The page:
It wasn’t until a couple years later, when I finally had come around to processing some of my Florida photos, that I learned the numerous black and red spiders I encountered in the scrub palms in Seabranch Preserve State Park were red widow spiders, Latrodectus bishopi. Like their more famous, noir cousins, you don’t want to them to bite you. The stunning coloration had the dual effect of engaging my aesthetic sensibilities but making me cautious, even though I didn’t know exactly which spider I was dealing with. Essentially it would be a great subject to shoot, but it looked dangerous. The telltale sign was the aposomatic coloration (color as warning signal); that red is a natural world stop light.
It’s probably good that I’m a cautious driver in the photographic field (on the roads, too, if you’re wondering). In the color photo above, one of the large bright red spots on the abdomen is just visible. These were the highlights, photographic and topical, of the subject, but the reason I only barely captured that facet was because the red widows generally had tucked themselves deep into the cluster of rigid, pointy scrub palm fronds. I could get close enough without disturbing the spider to get good focus, but repositioning the fronds and startling the spider in an area where it might not have an easy escape path was not a fate I wanted to tempt. Honestly, I didn’t try too many times even though my frond inspections kept turning them up. I got some middling shots of the somehow intuitively less intimidating, smaller male version (which incidentally, as I have also learned, do not bite and do not pose a threat), but I didn’t get much further as the warning colors and less than ideal scrub palm setting were essentially the same as for the females.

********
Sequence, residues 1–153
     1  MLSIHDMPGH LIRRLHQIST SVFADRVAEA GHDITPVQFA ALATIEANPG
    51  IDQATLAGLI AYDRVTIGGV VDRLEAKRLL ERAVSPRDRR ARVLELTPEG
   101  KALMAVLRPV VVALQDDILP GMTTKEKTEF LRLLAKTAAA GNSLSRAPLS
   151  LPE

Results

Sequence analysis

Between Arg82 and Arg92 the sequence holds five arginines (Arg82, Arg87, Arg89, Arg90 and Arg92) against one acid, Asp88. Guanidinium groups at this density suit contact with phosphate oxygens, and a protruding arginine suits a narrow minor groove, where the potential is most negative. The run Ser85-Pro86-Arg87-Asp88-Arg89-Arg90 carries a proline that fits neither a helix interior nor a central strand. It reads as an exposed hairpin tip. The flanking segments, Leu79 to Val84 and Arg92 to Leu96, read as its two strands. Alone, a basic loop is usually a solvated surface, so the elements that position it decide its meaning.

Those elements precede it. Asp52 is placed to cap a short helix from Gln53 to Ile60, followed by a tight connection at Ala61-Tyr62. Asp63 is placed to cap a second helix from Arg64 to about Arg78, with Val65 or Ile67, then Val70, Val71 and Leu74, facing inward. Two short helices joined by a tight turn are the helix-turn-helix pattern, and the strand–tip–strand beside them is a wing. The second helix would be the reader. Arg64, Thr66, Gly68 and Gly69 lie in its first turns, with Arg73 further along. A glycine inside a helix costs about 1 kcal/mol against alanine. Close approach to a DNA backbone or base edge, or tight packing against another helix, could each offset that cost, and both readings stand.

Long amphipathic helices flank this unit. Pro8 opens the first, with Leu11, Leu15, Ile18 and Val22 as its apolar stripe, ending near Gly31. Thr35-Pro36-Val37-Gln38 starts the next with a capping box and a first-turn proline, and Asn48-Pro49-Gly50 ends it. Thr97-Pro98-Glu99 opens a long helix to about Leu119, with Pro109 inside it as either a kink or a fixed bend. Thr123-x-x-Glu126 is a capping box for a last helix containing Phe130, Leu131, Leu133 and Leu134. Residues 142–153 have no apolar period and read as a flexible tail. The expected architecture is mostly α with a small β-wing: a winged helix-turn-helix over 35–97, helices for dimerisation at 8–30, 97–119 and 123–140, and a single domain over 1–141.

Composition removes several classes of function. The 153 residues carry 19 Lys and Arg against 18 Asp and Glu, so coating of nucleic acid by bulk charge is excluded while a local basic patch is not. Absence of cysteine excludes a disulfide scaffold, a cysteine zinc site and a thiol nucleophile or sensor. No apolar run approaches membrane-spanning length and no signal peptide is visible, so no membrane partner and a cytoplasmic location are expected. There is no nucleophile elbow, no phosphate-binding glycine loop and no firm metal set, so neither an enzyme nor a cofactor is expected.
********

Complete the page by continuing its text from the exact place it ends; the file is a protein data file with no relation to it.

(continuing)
It’s good to know what you’re up against, but if you’re in a strange land with strange beasts (which is Florida to a tee, right?) then recognizing warning signals can be a big boon to your well-being.
(P.s. Red widows are endemic to Florida, “primarily in sand-pine scrub habitats in central and southeast Florida, specifically from Marion County to Martin County,” according to BugGuide.net.)